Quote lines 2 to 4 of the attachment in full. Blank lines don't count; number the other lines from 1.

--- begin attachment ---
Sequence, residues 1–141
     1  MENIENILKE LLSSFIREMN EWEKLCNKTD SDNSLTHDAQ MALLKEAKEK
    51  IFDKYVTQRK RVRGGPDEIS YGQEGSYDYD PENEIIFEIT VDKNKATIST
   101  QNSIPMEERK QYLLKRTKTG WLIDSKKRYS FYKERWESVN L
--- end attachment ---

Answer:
     1  MENIENILKE LLSSFIREMN EWEKLCNKTD SDNSLTHDAQ MALLKEAKEK
    51  IFDKYVTQRK RVRGGPDEIS YGQEGSYDYD PENEIIFEIT VDKNKATIST
   101  QNSIPMEERK QYLLKRTKTG WLIDSKKRYS FYKERWESVN L